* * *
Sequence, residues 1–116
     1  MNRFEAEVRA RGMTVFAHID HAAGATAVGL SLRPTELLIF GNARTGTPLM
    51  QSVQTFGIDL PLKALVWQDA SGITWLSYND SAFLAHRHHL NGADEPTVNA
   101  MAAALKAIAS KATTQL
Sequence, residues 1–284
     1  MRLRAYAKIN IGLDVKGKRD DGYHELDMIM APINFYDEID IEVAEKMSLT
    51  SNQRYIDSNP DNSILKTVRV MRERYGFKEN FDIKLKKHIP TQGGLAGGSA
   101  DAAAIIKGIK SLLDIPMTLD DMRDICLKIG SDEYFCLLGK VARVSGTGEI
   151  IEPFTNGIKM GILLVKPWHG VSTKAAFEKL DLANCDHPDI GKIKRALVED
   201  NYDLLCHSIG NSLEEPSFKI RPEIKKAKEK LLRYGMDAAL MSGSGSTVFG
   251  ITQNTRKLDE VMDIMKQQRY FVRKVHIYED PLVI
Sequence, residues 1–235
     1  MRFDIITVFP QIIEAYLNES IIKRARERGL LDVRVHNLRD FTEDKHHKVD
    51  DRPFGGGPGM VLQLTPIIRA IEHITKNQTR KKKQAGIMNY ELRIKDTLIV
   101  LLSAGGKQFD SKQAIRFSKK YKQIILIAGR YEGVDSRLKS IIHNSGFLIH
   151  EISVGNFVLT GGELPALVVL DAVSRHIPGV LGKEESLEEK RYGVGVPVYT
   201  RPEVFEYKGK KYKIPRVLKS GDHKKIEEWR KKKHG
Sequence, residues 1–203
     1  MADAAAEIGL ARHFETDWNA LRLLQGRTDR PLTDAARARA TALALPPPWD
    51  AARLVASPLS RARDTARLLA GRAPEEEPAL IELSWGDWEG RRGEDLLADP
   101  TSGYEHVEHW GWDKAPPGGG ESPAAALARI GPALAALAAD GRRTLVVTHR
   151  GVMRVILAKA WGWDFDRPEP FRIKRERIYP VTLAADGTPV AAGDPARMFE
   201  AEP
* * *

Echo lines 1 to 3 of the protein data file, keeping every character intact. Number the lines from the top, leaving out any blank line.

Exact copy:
Sequence, residues 1–116
     1  MNRFEAEVRA RGMTVFAHID HAAGATAVGL SLRPTELLIF GNARTGTPLM
    51  QSVQTFGIDL PLKALVWQDA SGITWLSYND SAFLAHRHHL NGADEPTVNA